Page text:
As Chris alluded to in Sunday's post-match wrap up, Bradley's supposed failings largely rest within the decisions he makes or space he occupies within the broader tactical framework. Quite simply, when he bombs forward, DDR and Florenzi have to pinch in to fill the vacated space. Complicating matters further, due to his movement forward, he isn't able to track back quickly enough, and the suddenly two man midfield is spread thin, which allowed Inter to flush the ball right, which then shifted the midfield, allowing Inter to switch play to the opposite side, leaving acres of space for Inter to run at an isolated Ivan Piris.

In other words, his extreme forward runs opens up a ton of space in the middle of the park, causing the remaining midfielders to be overextended and enabling the opponent to switch play to the weakk side, thus exposing the fullbacks. While this is rather elementary and true of any midfielder, Bradley hasn't been efficient or effective in the final third, so there hasn't been much payoff for those runs. Bradley's proper role should be to pressure the opposing midfielders, not defenders.

Let's take a look at that match and see what he did half-to-half:

Bradley's 1st half v Inter, below


In the first half, though he had a few "hotter" areas, he seemed to have carte blanche, covering large swathes of the pitch. He also made several forward runs towards the 18, though he did complete 21 of 21 passes in the first half, but in general, he seemed to have free reign, both forward and laterally.

(Bradley's 2nd half v Inter, below)


Looking at the second half, there were some small differences. Notice the concentration of "hotter" spots on either side of the half way line, with fewer forward forays. In fact, 26% of Bradley's action occurred in this section in the second half, compared to 14% in the first. Similarly, in the first half, 2.86% of Bradley's action came in the final third, double the 1.4% he spent there in the second half. His passing was also far more active (44 attempts to 21) in the second half, of which he completed 86%, the failed attempts were largely long ball attempts. In general, he was much stronger in the second half, which you could attribute to his focus on smaller areas of the pitch.

So the question you have to ask is, why, on matches like Sunday's, is he attacking so far up the pitch?

Is it simple impatience? Is he compensating for someone else's laziness or ineptitude? Was he instructed by Zeman to do so?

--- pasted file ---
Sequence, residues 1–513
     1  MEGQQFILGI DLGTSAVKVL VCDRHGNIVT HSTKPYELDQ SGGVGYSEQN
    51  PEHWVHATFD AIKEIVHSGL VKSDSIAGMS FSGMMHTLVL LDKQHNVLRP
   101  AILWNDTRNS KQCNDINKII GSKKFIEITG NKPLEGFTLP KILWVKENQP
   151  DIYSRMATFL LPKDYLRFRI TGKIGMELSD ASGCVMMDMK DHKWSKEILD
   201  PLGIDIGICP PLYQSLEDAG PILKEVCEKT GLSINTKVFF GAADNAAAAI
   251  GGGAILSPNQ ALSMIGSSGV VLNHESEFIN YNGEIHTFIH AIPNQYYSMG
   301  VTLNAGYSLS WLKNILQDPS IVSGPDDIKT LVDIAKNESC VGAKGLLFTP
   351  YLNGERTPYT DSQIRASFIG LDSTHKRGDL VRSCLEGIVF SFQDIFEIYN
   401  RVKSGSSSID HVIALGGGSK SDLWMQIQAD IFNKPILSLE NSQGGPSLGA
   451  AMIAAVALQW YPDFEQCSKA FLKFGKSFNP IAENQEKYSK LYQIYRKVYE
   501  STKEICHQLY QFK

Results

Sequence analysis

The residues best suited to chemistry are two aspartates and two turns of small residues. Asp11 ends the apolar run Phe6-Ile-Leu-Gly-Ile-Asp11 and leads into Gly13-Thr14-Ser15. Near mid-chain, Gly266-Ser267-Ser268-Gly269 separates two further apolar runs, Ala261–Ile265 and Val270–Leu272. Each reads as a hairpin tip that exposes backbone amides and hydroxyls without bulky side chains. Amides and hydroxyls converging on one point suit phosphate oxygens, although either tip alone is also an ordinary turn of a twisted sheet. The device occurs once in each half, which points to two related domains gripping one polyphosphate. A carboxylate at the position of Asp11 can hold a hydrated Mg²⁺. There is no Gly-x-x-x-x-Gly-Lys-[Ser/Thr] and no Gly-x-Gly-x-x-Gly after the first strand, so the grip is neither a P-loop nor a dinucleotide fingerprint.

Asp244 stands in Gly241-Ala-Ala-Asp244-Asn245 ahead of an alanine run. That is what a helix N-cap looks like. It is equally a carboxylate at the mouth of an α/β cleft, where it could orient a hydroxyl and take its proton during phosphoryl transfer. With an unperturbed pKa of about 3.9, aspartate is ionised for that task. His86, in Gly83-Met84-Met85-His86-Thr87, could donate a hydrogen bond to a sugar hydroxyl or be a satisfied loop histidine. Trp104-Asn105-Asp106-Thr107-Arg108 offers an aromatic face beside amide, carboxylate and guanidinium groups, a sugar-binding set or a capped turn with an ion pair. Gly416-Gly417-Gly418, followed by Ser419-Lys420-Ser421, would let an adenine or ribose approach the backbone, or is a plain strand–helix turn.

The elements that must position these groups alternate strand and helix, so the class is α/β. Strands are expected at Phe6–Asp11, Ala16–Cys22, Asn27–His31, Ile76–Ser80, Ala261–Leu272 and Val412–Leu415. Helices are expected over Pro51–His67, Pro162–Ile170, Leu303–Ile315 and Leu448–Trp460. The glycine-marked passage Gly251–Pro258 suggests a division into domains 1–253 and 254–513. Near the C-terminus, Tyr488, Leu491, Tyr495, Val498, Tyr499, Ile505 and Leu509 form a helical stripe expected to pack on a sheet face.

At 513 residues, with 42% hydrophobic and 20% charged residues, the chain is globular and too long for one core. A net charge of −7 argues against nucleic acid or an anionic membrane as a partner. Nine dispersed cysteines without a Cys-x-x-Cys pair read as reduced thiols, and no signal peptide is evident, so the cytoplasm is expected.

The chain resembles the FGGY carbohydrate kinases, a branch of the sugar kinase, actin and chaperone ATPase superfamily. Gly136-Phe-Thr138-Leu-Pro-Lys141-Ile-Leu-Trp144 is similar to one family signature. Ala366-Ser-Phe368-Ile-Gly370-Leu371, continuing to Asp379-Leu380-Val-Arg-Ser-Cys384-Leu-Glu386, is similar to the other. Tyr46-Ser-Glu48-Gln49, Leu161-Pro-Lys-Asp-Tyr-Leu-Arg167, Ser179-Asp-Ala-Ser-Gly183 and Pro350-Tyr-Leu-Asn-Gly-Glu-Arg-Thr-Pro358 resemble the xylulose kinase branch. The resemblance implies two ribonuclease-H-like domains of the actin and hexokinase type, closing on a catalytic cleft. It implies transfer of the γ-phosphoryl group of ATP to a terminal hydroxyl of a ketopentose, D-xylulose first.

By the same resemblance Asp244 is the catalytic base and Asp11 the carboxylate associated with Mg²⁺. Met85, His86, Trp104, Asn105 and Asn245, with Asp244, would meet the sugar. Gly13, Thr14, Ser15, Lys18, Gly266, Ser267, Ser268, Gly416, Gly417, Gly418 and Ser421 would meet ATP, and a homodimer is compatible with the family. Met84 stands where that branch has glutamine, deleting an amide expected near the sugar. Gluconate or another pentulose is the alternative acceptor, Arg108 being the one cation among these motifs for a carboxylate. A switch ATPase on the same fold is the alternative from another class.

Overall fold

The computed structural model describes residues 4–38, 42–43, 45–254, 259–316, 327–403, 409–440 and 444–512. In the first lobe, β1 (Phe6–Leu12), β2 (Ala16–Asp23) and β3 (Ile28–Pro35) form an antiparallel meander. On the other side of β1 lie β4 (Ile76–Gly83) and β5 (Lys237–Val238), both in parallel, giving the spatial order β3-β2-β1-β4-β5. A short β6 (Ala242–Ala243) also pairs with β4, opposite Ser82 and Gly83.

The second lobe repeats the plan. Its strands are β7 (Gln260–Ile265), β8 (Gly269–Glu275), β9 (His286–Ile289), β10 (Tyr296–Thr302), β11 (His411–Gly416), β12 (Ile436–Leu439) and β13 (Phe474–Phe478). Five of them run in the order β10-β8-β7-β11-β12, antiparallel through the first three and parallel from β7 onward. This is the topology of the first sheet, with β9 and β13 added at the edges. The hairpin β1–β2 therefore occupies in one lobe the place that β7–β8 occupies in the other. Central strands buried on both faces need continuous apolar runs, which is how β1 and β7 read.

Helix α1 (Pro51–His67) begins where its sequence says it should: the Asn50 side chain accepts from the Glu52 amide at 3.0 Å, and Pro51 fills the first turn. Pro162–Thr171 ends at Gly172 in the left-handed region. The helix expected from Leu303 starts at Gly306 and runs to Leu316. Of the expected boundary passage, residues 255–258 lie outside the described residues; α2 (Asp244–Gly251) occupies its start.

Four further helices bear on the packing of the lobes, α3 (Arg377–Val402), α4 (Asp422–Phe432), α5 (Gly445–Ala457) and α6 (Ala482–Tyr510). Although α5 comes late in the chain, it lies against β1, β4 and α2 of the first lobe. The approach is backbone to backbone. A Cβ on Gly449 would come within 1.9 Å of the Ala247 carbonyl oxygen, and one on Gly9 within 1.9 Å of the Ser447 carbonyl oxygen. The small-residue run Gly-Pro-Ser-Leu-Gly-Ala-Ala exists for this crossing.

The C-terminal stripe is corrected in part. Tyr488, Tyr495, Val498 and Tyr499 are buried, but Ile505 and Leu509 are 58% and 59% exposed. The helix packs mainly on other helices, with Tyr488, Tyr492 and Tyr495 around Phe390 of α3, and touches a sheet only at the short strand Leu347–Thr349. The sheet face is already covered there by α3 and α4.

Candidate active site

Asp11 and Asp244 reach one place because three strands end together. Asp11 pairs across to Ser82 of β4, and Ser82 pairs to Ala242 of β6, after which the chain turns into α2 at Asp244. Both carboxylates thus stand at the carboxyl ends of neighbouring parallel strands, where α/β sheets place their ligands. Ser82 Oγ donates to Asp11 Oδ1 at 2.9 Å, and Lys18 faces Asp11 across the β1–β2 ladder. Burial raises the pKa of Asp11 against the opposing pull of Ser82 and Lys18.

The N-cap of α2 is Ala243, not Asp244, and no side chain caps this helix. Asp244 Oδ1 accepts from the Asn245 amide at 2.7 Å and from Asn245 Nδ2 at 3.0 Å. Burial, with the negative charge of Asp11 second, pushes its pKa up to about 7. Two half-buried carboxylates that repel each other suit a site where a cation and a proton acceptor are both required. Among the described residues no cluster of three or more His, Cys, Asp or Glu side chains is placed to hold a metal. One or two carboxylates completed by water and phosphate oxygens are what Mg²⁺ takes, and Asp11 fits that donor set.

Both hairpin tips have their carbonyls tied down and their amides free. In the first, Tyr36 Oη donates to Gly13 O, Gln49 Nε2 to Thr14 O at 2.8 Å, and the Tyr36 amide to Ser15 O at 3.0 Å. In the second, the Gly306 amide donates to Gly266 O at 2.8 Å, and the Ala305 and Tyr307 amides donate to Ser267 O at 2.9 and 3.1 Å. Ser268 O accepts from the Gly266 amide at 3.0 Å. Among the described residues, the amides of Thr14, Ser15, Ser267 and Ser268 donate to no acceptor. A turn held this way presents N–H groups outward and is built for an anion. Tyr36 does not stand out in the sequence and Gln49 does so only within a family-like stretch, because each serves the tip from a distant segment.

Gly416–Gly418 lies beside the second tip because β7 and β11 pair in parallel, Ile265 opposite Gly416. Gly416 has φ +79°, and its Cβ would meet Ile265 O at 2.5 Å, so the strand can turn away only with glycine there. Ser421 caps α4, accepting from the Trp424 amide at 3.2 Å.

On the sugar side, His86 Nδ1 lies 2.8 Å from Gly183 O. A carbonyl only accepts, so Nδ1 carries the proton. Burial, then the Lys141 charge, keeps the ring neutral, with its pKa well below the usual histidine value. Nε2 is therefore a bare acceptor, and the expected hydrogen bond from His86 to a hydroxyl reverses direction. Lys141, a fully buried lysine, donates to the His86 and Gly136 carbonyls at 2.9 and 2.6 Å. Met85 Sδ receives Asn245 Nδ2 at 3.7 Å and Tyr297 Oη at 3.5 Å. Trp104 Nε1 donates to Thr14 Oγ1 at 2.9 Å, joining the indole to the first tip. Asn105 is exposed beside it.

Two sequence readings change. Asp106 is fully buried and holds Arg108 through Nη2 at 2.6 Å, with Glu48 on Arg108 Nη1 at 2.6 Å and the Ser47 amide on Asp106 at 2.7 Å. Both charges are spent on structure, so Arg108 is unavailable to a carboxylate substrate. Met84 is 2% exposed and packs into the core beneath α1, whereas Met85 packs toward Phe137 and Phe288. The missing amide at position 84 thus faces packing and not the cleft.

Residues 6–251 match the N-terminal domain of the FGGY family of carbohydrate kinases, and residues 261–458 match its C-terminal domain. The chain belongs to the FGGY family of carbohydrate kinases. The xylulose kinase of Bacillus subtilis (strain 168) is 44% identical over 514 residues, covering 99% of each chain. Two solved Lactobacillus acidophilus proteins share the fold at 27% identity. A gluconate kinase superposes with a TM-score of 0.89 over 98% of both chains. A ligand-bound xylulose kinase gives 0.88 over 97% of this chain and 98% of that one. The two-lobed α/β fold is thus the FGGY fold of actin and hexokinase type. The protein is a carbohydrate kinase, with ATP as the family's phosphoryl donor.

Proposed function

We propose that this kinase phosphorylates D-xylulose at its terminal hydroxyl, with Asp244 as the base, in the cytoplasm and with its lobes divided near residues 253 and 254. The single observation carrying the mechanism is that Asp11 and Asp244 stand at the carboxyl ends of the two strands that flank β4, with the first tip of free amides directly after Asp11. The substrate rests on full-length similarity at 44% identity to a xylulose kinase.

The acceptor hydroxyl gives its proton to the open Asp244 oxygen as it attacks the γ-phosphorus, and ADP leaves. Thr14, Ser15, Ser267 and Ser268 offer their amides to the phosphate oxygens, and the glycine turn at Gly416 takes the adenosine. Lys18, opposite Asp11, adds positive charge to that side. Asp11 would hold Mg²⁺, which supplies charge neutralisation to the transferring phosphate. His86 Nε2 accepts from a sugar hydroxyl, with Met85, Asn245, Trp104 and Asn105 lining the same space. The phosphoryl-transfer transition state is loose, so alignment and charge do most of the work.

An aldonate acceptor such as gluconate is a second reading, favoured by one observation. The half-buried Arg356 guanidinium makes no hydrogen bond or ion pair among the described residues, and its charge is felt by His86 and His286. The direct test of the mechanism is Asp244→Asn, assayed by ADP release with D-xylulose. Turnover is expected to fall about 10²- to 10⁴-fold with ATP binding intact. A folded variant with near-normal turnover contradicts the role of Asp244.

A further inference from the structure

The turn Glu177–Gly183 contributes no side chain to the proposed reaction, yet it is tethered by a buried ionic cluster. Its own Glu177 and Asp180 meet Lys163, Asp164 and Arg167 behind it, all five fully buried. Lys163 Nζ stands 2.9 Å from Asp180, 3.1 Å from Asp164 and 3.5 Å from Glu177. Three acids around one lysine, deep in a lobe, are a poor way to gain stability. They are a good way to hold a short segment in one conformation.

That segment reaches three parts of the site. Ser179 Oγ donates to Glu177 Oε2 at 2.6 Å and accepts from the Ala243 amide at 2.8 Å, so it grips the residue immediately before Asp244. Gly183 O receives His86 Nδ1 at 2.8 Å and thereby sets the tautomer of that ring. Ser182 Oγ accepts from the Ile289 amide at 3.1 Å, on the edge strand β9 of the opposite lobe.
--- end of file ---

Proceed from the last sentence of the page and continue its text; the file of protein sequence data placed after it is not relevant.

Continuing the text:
Given that he is the son of well-regarded coach, you have to imagine he has an innate respect for the position, so I highly doubt he's going AWOL and doing as he pleases. Given the disparity between his first and second half performances, in terms of where he was on the field, it seems more likely he was instructed to do so; perhaps Zeman didn't like what he was seeing from the other midfielders or forwards in the first half of that game and told Michael to seize the day and charge into any channel that might open up.

It's hard to say, but given the admittedly limited data, Bradley's best performances have come when he's patrolled the box-to-box area, but lagged behind when he pressed high up the pitch, mostly due to errant passing in the final third, though he certainly has the will, size, and necessary athleticism to get past most defenders, so he does present value to Zeman's attack.

So putting the last layer on the compliment sandwich, let's close with some positives.

Bradley has a ceaseless engine; he can run for days and is more than capable of covering the whole of the midfield. Bradley's passing accuracy is outstanding, his tackling numbers are solid, his dribbling numbers are quite surprising (3rd on the team among midfielders) and he is careful with the ball, ranking 3rd or 4th on the team in terms of fewest turnovers and dispossessions.

Bradley wasn't brought to Rome to ignite the offense; he was brought in for his strength, stamina, tenacity, knowledge of the game and his vast skill set. Successful teams need players like Bradley, as much as we'd love to see it, a team of ten Tottis might not be as flawless as you'd imagine, you need someone to do the dirty work. Besides, if you believe this piece, Italy features very few number 10s nowadays, so Zeman's utilization of Bradley, though not optimal, might not be an anomaly.

While he is fully capable of powerful runs into the 18 yard box, his playmaking in that area has generally suffered this season. Bradley is a box-to-box, jack of all trades midfielder with a solid feel for the passing game, a nose for the ball, boundless energy and is solid in possession. So how you view Bradley largely depends on your expectations of him and the extent to which he determines his own role. He may never be DeRossi or Michael Essien, but are his faults his own or the result of Zeman's tactical decisions? Barring a replacement in the lineup, we may not get an answer to that.

Going forward, I would expect his role and level of participation to remain the same, especially now that DDR is out two weeks. With Panagiotis Tachtsidis being used intermittently, Zeman has seemingly decided upon Florenzi and Bradley as his two default starters, with the third being a rotation between De Rossi, Pjanic and Tachtsidis. No matter the chosen trio, Bradley should fulfill the box-to-box role, as his best performances have come in that role, again I'd caution about the small sample size, multiple seasons of data would be ideal to make any determination.

So while fans may argue about his true value and proper role, his place in the squad seems secure, as his commitment and versatility seems to have earned the trust and a freedom to operate from Zeman. Plus, if we're being honest, Zeman wants all his players to go forward, doesn't he?

The bottom line is, Bradley will always receive sharp criticism simply because he and the clubs owners happened to be born in the same former British colony, fair or not, that's just the way it is. But if you view Bradley for what he is, a talented cog in a much larger machine, then you have to be pleased with the results thus far-he is tackling, passing and protecting the ball as advertised.

Bradley is not a franchise player; he has a valuable, albeit hard to qualify, skill set that all teams require. He will rarely be the reason Roma win, but he'll seldom be the reason they lose.

*All graphics courtesy of Squawka*